Engine coolant is a fluid that is used to tranfer heat from the engine to the radiator where it is dissipated into the environment through the fins of the radiator.
Expansion tank is a tank/container that is used to give room for expansion of coolant when the coolant has attained a temperature that causes it to expand. There is also overflow tank which is different from expansion tank. An overflow tank is used to catch the coolant that overflows when the coolant expands. The overflow tank is not pressurized like the expansion tank.
Bubbling is formation of spherically contained volume of air in a fluid.
There can be numerous causes of coolant bubbling in an expansion tank of a car. Most of the time, it happens when a car is experiencing overheating.
Sometimes, coolant in expansion tank can bubble as if it is boiling even when the engine is yet to attain operating temperature. It also might be accompanied by a popping sound.
Diagnosing this kind of situation can be very tricky because when the engine is left to run, it will eventually overheat making whoever is diagnosing the issue to look at problem areas like thermostat, radiator and so on. Unfortunately, those are not part of the causes of bubbling coolant in expansion tank when the engine has not attained operating temperature.
Note that little bubbles in the coolant reservoir or expansion tank can be normal and might not signify a problem.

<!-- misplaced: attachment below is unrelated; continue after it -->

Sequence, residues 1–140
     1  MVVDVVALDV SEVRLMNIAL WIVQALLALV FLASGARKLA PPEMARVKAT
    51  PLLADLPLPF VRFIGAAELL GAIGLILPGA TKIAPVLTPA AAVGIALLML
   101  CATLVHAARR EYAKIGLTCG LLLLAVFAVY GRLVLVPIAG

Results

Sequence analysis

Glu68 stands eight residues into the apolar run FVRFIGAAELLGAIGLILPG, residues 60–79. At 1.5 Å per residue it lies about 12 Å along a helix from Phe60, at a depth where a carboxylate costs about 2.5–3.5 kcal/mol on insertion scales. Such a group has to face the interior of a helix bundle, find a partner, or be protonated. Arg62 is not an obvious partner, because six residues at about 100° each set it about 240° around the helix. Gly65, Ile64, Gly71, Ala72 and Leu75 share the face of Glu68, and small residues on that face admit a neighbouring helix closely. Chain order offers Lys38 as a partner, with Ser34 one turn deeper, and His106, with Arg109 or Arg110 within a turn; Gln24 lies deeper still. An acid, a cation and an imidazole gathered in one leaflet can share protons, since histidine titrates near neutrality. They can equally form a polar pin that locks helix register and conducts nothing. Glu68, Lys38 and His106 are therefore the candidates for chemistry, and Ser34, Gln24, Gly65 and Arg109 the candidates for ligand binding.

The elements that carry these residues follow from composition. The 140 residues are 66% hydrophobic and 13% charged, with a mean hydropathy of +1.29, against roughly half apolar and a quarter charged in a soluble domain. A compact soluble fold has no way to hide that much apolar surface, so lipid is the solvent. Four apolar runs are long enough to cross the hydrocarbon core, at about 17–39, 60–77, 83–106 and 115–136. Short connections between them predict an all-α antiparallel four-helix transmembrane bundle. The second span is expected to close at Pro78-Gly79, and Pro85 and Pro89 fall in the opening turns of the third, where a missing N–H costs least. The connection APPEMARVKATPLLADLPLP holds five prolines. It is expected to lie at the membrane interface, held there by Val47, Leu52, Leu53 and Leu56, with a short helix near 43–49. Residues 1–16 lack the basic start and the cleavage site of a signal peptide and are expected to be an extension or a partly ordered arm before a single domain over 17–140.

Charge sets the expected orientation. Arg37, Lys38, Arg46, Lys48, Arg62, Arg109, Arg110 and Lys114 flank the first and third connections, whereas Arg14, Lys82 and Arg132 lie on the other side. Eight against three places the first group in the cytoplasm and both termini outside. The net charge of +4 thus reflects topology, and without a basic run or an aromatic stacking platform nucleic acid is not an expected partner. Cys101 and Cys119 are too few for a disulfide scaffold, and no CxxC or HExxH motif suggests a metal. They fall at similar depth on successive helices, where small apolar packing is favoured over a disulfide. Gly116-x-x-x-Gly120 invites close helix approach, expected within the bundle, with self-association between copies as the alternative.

These are two major reasons why coolant in expansion tank bubbles when the engine is still running cold
1. Head gasket leak:
A head gasket leak cause combustion gases to escape into the coolant and a leaky head gasket can cause this to happen even when the engine has not reached its operating temperature or when it has not overheated yet. The escape of those gases into the coolant is what causes bubbling that is seen in the coolant reservoir or expansion tank. To remedy this situation, the head gasket will need to be replaced.
2. Waterpump turning in the wrong direction:
A water pump that rotates in the wrong direction can be caused by wrong routing of accessory belt which is commonly called alternator belt.
This error is possible if the wrong size of belt is fitted by bypassing the necessary rollers or pulleys and the belt routed to areas it is not suppose to pass.
A waterpump that is turning in the wrong direction will pump coolant towards the expansion tank instead of pumping coolant from the expansion tank. This will manifest as bubbles in the expansion tank. It can also be accompanied with loud popping sound.
To fix this situation, the correct size of alternator belt will need to be gotten and the belt routed correctly so the the waterpump can pump coolant in the right direction.
You can read more on Incorrect serpentine/drive belt routing causing high temperature.